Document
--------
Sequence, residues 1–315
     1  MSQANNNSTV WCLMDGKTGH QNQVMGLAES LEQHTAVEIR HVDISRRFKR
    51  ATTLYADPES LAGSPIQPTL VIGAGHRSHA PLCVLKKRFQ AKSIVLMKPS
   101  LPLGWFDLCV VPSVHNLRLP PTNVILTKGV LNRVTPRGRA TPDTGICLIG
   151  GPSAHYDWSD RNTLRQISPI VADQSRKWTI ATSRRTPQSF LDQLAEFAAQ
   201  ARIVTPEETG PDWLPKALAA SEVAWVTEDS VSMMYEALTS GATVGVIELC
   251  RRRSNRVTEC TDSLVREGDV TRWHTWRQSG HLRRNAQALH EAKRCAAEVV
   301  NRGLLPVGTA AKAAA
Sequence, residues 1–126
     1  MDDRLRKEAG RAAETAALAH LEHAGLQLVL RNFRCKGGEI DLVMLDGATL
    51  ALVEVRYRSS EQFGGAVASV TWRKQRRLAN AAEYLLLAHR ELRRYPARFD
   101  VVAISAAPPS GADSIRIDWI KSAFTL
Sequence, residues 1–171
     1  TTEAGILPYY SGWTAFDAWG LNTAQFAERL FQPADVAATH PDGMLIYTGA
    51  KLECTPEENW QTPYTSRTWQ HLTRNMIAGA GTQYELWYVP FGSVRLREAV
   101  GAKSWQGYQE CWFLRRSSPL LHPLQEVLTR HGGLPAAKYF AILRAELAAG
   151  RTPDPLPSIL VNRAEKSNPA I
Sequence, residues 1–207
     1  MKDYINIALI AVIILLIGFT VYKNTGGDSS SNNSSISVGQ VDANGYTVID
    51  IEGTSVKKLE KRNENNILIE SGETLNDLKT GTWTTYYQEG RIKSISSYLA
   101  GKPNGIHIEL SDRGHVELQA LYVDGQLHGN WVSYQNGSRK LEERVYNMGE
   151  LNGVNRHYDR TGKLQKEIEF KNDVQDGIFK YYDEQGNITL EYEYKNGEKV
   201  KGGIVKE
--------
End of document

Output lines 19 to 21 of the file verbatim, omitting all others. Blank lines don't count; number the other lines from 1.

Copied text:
     1  MKDYINIALI AVIILLIGFT VYKNTGGDSS SNNSSISVGQ VDANGYTVID
    51  IEGTSVKKLE KRNENNILIE SGETLNDLKT GTWTTYYQEG RIKSISSYLA
   101  GKPNGIHIEL SDRGHVELQA LYVDGQLHGN WVSYQNGSRK LEERVYNMGE